American novelist Thomas Pynchon is the great chronicler of the counterculture. There is a strange scene in his novel Against the Day. It describes the Russian airship captain, Padsitnov, throwing bricks and masonry from his wondrous aircraft – “always in blocks of four fragments”. Padsitnow’s airship is called “The Big Game”; what is meant is the classic game Tetris, a speed puzzle in which geometric chunks fall from the screen.

With Padsitnow, Pynchon has erected a monument to the Moscow nerd Alexej Paschitnow. Paschitnow programmed Tetris in 1984 on a Soviet Elektronika 60 computer, and if you believe “Tetris”, the film that can now be seen on Apple’s streaming service, then Paschitnow also hit the very real wall with his virtual stones. The Cold War ended not only in Berlin, but also symbolically on Nintendo’s Gameboy, which is also a child of 1989. After all, the aim of the game in Tetris is that the wall at the bottom of the screen explodes.

All the better that the story of “Tetris” is largely true. It is all the more understandable that the film tells them in a mix of contemporary melancholy and historical high spirits – as if Super Mario, the other great hero of the Game Boy, actually put an end to the Cold War and really completed the story.

The film’s Super Mario is played by Taron Egerton, who slips into the role of Dutch-born, New York-raised, then Tokyo-based software entrepreneur Henk Rogers, and makes him as angular as the early, still pixelated ones with a mustache, cowboy boots, and shoulder pads Mario is playing. Rogers fell for Tetris at the Computer Electronics Show in Las Vegas in 1988 and decided to buy the rights, which started an almost unbelievable licensed crime.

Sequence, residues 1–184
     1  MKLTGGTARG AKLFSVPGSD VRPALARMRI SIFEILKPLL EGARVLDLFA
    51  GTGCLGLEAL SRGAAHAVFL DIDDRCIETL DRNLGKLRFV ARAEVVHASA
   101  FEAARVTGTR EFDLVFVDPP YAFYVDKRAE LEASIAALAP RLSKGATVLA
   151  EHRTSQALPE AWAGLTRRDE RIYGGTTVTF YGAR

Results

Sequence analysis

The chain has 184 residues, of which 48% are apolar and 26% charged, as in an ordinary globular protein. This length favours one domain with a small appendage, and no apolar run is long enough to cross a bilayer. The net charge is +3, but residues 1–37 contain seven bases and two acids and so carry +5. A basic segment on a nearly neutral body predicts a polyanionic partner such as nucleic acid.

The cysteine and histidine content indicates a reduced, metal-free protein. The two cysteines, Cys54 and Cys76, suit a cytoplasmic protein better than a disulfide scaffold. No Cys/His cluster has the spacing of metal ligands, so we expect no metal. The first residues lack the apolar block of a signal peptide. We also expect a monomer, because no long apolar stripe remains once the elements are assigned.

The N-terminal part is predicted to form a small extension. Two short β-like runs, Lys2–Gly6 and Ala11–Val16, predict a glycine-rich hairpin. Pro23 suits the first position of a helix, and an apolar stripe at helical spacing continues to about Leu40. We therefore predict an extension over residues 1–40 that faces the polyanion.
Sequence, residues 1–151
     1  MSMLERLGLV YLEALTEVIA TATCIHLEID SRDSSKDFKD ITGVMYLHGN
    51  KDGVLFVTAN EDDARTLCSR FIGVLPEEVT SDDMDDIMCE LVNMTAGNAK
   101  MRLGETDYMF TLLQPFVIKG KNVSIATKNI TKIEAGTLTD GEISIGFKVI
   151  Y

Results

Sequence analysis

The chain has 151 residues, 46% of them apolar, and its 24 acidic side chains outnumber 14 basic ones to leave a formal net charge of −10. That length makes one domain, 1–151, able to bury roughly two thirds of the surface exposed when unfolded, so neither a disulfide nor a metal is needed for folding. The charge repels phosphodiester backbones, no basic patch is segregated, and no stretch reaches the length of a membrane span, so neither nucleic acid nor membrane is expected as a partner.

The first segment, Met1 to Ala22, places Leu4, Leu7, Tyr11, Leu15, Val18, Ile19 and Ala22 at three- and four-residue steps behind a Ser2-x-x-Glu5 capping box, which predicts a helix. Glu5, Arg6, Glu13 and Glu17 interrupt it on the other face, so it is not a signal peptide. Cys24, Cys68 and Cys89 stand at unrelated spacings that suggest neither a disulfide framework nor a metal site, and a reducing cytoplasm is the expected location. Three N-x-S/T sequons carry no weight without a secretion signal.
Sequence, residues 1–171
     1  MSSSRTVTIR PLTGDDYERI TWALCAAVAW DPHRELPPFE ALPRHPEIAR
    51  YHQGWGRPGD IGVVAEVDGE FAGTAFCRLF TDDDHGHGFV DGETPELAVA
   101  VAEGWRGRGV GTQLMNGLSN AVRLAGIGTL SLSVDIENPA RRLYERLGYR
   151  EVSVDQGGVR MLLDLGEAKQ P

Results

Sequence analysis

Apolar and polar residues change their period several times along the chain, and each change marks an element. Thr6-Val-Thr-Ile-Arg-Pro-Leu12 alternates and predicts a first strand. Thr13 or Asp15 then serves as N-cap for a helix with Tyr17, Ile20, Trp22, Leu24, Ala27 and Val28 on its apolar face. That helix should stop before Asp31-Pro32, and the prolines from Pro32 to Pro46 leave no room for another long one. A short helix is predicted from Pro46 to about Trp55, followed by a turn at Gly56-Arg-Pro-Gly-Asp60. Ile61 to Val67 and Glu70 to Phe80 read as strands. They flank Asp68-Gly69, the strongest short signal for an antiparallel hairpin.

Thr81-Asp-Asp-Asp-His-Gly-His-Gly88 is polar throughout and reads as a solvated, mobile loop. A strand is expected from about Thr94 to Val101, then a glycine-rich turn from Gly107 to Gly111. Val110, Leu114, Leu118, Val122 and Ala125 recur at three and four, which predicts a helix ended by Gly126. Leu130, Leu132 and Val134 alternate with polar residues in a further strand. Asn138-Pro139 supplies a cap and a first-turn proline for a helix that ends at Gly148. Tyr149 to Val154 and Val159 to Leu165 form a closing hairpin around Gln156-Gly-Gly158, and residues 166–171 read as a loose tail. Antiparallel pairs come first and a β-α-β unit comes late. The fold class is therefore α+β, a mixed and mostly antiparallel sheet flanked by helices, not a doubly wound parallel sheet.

“Tetris”, the film, appropriately sorts it into “levels”, although the story actually has more of a theater play: the various Tetris hunters pass each other on the stage of a Moscow institution called Elektronorgtechnica, ELORG for short. At that time, ELORG was responsible for the rather improbable export of Soviet software (and sounds like it was made for a Pynchon novel to this day).

Rogers’ competitors in 1988 include a shady games manager named Stein and London tycoon Robert Maxwell, who has ties to Mikhail Gorbachev; among Rogers’ allies are the heads of Nintendo, who want to acquire a right that only a dozen or so insiders have any idea how to apply at this point. In one of the most beautiful scenes of the film, Rogers gets to see the first Gameboy of all.

The actual rights holders – for ELORG a man named Nikolai Belikow, who represents the developer Alexej Paschitnov, who was disenfranchised under communism – are groping in the dark; Last but not least, “Tetris” tells how a tsunami of cunning capitalists floods the dark corridors of helpless Russian authorities. But there are capitalists in good (Rogers) and evil (Maxwell), so “Tetris” also tells the story of a friendship that transcends borders. As Rogers and Paschitnow (Nikita Efremov) get closer, another utopia that has since been resolved comes true: an otherworldly paradise for nerds who speak the same programming language.

Tetris was filmed before Russia attacked Ukraine (not in Moscow, by the way, but primarily in Scotland), so you can’t help but watch the film against a backdrop of director Jon S. Baird and screenwriter Noah didn’t know pink. The film stands up remarkably, largely thanks to Rogers’ and Paschitnov’s darkest adversaries.

Igor Grabuzov plays the KGB officer Trifonov as a quasi-Putinesque figure who is already transforming the sinking Soviet Union into the kleptocracy that Russia has become under Putin. Confronting him with an idealistic KGB agent – ​​for free. The fact that the ELORG man Nikolai Belikow was an honest broker, however, corresponds to the facts: “We are turning into a nation of thieves”, is his best sentence.

Incidentally, the real Belikov emigrated to the USA a long time ago, as did Tetris inventor Paschitnov. Russia’s digital counterculture, however, has been swallowed up by the troll farms of Yevgeny Prigozhin, a convicted thief who now commands the Wagner mercenaries. Thomas Pynchon seems to have guessed. His Russian airship captain is already listening to the command of a St. Petersburg “parallel organization”.

“Tetris” can be seen on AppleTV.